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Re-evaluation of organic carbon pool from land surface down to bedrock on China’s Loess Plateau

Jia, Xiaoxu, Wu, Haiming, Shao, Ming’an, Huang, Laiming, Wei, Xiaorong, Wang, Yunqiang, Zhu, Yuanjun
Agriculture, ecosystems & environment 2020 v.293 pp. 106842
abandoned land, agricultural land, atmospheric precipitation, bedrock, biogeochemical cycles, carbon sinks, climatic factors, grasslands, land restoration, land use change, loess, loess deposition, organic carbon, roots, shrublands, soil, China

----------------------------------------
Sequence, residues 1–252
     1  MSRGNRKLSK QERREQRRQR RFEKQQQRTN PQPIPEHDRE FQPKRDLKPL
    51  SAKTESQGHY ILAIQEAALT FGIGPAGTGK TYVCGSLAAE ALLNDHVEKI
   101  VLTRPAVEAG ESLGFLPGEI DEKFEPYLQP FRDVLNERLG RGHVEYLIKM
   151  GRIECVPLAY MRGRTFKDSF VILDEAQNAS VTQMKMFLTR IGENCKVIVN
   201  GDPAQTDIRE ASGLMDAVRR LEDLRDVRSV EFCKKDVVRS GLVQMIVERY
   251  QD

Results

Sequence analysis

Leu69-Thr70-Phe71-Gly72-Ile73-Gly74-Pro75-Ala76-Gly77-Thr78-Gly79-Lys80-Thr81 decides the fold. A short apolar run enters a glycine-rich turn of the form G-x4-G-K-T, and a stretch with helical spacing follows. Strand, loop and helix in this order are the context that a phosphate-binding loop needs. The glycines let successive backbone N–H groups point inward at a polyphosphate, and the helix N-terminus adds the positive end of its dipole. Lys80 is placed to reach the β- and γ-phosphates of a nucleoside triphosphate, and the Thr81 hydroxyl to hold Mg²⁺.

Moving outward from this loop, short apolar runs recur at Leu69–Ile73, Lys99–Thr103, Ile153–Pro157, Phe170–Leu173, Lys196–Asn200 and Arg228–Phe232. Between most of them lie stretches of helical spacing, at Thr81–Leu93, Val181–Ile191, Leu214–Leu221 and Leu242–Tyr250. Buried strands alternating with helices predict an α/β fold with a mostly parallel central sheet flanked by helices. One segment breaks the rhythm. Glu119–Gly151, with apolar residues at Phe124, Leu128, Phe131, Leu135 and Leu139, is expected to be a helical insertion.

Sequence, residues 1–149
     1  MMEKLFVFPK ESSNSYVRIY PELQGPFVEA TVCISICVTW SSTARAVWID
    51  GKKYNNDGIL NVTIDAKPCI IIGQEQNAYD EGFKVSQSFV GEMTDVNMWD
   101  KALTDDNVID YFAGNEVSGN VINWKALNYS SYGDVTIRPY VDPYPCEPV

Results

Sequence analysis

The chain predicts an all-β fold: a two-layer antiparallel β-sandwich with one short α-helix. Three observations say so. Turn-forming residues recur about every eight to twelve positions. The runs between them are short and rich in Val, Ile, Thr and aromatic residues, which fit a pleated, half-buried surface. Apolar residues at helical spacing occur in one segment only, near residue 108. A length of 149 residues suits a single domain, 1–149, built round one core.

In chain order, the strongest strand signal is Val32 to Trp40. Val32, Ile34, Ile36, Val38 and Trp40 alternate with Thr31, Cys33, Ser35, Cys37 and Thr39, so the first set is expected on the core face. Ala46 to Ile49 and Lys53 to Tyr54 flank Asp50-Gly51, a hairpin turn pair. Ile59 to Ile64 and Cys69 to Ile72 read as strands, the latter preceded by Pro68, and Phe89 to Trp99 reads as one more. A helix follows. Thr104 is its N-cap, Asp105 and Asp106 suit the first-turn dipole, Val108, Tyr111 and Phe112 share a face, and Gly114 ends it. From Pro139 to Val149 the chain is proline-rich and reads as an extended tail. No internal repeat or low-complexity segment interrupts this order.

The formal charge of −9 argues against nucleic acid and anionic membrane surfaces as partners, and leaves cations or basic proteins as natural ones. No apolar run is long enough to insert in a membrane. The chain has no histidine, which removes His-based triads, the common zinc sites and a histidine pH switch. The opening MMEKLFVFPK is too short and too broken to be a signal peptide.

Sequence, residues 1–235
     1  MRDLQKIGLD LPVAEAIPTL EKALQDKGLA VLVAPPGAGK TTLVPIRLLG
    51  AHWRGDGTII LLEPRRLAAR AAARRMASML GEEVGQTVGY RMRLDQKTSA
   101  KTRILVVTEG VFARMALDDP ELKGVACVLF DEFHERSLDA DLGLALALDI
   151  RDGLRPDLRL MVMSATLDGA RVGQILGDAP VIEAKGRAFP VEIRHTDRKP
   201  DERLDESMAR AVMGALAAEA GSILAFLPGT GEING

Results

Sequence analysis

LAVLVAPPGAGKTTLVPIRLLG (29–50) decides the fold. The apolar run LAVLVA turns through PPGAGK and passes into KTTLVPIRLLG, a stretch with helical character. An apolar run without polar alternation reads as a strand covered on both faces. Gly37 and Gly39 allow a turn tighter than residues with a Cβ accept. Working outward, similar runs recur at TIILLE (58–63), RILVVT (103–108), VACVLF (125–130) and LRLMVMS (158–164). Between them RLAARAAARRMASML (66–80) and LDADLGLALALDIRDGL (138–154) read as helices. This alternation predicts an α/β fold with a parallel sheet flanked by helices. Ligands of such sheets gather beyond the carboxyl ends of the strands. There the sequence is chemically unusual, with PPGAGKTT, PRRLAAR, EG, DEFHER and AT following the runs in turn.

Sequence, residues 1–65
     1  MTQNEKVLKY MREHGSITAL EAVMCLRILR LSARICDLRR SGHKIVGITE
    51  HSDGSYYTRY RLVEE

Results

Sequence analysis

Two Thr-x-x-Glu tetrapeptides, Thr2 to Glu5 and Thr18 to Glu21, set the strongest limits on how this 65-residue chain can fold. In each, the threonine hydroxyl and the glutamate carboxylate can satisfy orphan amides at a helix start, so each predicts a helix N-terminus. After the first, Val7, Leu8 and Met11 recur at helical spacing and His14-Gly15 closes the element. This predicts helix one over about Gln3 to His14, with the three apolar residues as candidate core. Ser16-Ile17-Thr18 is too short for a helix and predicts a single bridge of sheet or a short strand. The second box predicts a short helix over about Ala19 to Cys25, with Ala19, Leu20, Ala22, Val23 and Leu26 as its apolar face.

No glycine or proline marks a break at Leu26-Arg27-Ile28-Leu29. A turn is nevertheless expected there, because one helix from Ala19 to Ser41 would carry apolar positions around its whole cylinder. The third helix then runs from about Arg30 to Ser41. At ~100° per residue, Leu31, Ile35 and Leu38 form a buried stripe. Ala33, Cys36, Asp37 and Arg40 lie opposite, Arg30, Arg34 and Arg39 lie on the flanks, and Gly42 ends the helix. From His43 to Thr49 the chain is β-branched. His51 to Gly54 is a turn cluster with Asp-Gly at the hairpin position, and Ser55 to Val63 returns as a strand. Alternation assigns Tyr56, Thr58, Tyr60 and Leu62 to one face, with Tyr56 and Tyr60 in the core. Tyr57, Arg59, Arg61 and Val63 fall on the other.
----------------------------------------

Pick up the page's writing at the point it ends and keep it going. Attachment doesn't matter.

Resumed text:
Large reservoirs of organic carbon (OC) store in deep soils (>1 m below land surface) are not usually included in regional and global terrestrial C inventories. Chinaös Loess Plateau (CLP), which has the worldös deepest loess deposit and has experienced long-term, intensive agricultural and revegetation activities, could contain large stores of OC. In this study, the distribution of OC concentration and stock across the entire loess profile from the ground surface down to the bedrock (56–205 m) was assessed at five sites (Yangling, YL; Changwu, CW; Fuxian, FX; Anösai, AS; and Shenmu, SM) under three land use types (farmland, grassland and shrubland). There was pronounced decrease in mean OC concentration with increasing depth along loess profiles at all the investigated sites. OC concentration in the topmost 20 m of the loess was much higher and fluctuated more significantly than that in the deeper layers at YL, CW, FX and AS, where mean annual precipitation was >550 mm. In contrast, OC concentration was low and stable at SM with mean annual precipitation <450 mm. The restoration of vegetation with deep roots following the abandonment of farmlands resulted in deep OC accumulation at YL and AS, whereas natural grassland recovery did not result in the accumulation of OC at SM. Our results suggested that land use change could alter OC distribution in deep soils, of which degree depended on climatic condition and vegetation type. The estimated OC storage varied significantly across the sites (859–5044 Mg ha–¹), which mainly depended on the thickness of loess deposit. OC store on the CLP and other areas around the world with deep soils or sediments could be underestimated and need re-consideration in future C budget studies. This is the first estimate of regional OC stock across loess profile, spanning from the land surface down to the bedrock. The findings could have significant implications for biogeochemical cycling of C in surface and deep soil layers down to the bedrock.